So, a year later the pair came back with "Camp PBL," which included national faculty from PBLWorks and district people leading training sessions and giving teachers time to work on their projects. They also ran eight professional development days sprinkled through the year (reduced to six in the current school year), to give teachers even more time to come together as teams and revise and improve their projects.
The summer of 2019 introduced "5 Star PBL," which again featured sessions and time for project planning. But it also included a "Chopped" competition, based on the Food Network reality show, where chefs are given a set list of ingredients and must come up with meals that use every one of them. In Burkburnett's case, mixed teams of teachers were given standards from random content areas — PE, music, science — and expected to create "the bones of a project" for a given grade band in 15 minutes. Then they had two minutes to present their projects to a judging panel that included the superintendent and teachers from various campuses, outfitted with an evaluation rubric based on high-quality PBL.
According to Borchardt, the competition "was a lot of fun for teachers. They really, really enjoyed it." But more importantly, they received a lesson in how to create projects outside of their own content areas. Teachers tend to "focus on the content that they teach, and it's hard for them to think about stepping across the hall to the teacher who teaches a different content to get together and create a project," she explained.
And because it was fast-paced, participants could see that they were capable of "thinking rapidly," Borchardt added, and using the rubric for quality against the projects they were coming up with for their own classes.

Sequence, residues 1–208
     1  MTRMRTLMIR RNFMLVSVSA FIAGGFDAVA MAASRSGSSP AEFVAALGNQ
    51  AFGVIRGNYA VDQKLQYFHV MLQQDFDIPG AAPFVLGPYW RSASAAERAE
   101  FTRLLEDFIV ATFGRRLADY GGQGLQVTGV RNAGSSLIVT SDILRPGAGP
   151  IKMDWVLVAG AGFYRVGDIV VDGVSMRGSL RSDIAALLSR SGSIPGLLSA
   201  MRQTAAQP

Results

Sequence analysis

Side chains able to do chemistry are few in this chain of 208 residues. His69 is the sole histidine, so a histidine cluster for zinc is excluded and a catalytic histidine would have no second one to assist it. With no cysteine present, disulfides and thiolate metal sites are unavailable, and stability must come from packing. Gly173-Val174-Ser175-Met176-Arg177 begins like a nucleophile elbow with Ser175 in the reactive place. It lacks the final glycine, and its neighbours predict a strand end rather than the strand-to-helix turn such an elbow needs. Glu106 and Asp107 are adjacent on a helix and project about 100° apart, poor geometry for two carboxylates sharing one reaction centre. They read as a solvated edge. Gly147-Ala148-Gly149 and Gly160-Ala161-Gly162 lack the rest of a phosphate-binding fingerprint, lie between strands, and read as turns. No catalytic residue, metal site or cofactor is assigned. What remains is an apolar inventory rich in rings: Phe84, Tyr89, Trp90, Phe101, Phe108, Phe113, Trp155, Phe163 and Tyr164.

And the learning has to continue no matter how experienced the educator. Every Wednesday at Martinez, said Principal Monica Draper, the staff breaks into smaller groups and meets for half an hour so teachers from across the school can talk to each other, to share what's working and what's not. The purpose: to get new ideas.
PBL in Action: Zombies Come Back to Life
One elementary English language arts teacher at Burkburnett ISD captures her students' attention around Halloween by talking about zombies. The goal: to teach them how to do research about historical figures. By the end of the project, the students become historical figures themselves and "come to life" in a museum setting. This teacher "gets her kids to reflect and to collaborate with each other, and she gets them to revise their project in the middle so that...students are learning the content, but they're also learning some other skills along the way," said Borchardt.